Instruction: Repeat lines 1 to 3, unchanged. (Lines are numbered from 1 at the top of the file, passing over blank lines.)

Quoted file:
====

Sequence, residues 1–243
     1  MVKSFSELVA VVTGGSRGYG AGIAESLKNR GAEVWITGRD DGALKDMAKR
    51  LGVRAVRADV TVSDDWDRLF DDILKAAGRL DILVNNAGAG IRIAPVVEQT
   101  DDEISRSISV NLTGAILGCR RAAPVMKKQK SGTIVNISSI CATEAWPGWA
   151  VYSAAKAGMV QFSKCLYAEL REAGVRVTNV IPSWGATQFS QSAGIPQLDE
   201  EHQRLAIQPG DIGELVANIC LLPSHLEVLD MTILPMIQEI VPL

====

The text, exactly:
Sequence, residues 1–243
     1  MVKSFSELVA VVTGGSRGYG AGIAESLKNR GAEVWITGRD DGALKDMAKR
    51  LGVRAVRADV TVSDDWDRLF DDILKAAGRL DILVNNAGAG IRIAPVVEQT